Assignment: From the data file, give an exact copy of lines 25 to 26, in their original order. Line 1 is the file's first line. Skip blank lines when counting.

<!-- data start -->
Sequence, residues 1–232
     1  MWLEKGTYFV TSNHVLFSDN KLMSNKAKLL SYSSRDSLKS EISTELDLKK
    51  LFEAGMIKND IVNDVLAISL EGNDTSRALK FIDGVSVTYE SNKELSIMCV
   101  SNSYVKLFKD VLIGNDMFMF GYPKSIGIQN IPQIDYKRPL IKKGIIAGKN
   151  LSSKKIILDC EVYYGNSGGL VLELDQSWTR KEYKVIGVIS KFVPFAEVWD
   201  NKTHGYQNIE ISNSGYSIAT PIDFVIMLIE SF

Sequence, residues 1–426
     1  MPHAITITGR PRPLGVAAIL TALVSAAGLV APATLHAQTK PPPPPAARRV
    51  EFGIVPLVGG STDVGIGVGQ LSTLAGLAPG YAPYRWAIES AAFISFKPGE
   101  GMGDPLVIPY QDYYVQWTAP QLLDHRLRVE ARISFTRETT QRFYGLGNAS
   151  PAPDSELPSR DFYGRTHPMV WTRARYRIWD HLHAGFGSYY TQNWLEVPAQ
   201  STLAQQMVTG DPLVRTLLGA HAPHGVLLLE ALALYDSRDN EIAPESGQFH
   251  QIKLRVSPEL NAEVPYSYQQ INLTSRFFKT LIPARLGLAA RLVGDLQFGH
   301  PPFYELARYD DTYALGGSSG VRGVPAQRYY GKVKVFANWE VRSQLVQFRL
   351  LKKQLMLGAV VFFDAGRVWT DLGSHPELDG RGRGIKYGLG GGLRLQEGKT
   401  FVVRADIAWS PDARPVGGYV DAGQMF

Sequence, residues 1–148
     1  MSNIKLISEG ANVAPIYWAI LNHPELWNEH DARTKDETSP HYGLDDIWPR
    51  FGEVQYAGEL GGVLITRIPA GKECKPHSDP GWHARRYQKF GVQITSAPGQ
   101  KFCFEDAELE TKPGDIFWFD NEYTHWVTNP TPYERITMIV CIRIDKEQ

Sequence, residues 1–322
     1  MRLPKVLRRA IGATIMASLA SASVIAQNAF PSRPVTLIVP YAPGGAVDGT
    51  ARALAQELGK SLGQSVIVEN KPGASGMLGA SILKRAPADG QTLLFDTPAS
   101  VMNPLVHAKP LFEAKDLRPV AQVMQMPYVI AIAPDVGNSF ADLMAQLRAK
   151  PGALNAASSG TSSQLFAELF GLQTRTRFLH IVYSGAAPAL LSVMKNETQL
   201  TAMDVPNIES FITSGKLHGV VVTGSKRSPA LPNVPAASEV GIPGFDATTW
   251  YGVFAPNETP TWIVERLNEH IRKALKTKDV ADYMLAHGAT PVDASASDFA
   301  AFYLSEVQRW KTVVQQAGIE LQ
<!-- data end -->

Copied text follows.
   151  PGALNAASSG TSSQLFAELF GLQTRTRFLH IVYSGAAPAL LSVMKNETQL
   201  TAMDVPNIES FITSGKLHGV VVTGSKRSPA LPNVPAASEV GIPGFDATTW